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Posts Tagged ‘sculpture’

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The American Sphinx is located in Mount Auburn Cemetery in Cambridge, MA. Commissioned and designed by Jacob Bigelow, founder of the cemetery, the sphinx was sculpted by Martin Milmore. It is composed of a single block of granite and was completed in July 1872 by Milmore and his brother, Joseph.

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It is a rather unique Civil War monument. Inscribed in Latin and English on its sides are the following words:

American Union Preserved

African Slavery Destroyed

By the Uprising of a Great People

By the Blood of Fallen Heroes

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In a rather poignant twist, Jacob Bigelow never actually saw the sculpture. By the time it was completed he was blind though as recounted on the Mount Auburn Cemetery website, friends remembered him visiting the statue and “fondly touching the contours of the massive form.” Learn more via the link below.

African American Heritage Trail – The Sphinx

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Worn by weather, and the occasional falling tree branch, the statues in Mount Auburn Cemetery always seem to be changing … a slow change… but change nonetheless.

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http://mountauburn.org/

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Della Robbia: Sculpting with Color in Renaissance Florence is a current exhibit at the Museum of Fine Arts, Boston. It is a beautifully curated show featuring glazed terracotta that, as one visitor stated, if you did not know the sculptures were made over 500 years ago, you would think that they were made just yesterday.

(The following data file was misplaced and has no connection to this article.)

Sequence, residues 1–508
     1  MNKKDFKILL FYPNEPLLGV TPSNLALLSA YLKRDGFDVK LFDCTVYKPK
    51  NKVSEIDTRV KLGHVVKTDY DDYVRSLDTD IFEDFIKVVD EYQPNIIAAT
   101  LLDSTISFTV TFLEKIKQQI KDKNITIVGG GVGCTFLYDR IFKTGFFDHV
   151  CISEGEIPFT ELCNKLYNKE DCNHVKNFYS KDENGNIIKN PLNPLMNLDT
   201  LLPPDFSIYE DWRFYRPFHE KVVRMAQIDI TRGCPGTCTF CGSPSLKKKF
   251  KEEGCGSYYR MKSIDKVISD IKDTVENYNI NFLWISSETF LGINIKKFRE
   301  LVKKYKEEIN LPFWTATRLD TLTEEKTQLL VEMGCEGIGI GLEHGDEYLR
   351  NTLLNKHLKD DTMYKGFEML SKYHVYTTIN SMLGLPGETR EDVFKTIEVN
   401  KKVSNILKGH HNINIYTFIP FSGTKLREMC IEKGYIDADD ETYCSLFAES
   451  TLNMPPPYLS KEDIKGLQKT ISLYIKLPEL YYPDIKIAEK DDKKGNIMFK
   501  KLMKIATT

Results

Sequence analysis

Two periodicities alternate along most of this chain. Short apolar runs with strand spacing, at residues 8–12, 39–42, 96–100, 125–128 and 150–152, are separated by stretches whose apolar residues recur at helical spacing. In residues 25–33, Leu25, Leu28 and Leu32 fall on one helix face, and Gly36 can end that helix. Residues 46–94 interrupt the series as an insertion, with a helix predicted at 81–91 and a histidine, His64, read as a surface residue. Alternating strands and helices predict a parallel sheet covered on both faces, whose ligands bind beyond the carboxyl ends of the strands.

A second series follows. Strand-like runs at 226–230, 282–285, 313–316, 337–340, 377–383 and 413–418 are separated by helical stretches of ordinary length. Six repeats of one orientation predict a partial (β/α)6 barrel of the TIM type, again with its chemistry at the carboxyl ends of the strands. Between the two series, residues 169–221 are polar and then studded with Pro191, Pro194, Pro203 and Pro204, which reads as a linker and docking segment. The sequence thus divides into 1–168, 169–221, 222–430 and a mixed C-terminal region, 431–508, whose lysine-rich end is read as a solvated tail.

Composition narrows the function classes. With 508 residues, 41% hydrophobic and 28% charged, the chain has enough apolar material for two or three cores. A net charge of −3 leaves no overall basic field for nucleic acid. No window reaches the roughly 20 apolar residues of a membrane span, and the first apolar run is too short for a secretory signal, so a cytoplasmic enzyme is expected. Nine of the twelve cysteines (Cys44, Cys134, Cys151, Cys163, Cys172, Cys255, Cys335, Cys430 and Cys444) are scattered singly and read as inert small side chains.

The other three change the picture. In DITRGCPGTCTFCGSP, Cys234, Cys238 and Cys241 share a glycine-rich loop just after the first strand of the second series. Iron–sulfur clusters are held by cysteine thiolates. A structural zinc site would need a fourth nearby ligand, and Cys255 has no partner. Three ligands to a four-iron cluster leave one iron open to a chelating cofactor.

The colors are still that vivid thanks to a unique glazing recipe developed by Luca della Robbia (1399/1400–1482). The sculptures produced by his family, based in Florence, Italy, are dramatic in design and expression and rather luminous.

detail from The Visitation, 1455, on loan from the church of San Giovanni Fuorcivitas in Pistoia, Italy

Della Robbia’s signature colors of white and cerulean blue radiate with a brilliance that would become the family hallmark. There is a deep richness to the others colors as well.

For the exhibit the MFA pulled together nearly 50 objects from U.S. collections and from Italy. On view in the museum’s Lois B. and Michael K. Torf Gallery, the freestanding sculptures and other decorative pieces are organized around three themes – hope, love, and faith. Exhibit curator Marietta CAmbareri describes these as the virtues of the Renaissance, guiding peoples’ lives at the time.

The exhibit, a visual treat, runs through December 4th. More details available here: http://www.mfa.org/exhibitions/della-robbia

 

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detail from a brass candlestick

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painter's box of carol moses

painter’s box of carol moses

Visit the Riverside Gallery at the Cambridge Community Center from noon to 6pm today.  See artists at work. View their paintings, sculpture, photography and more.  Pieces are available for purchase including small totems by Cedric Harper (read more about this amazing artist here and here)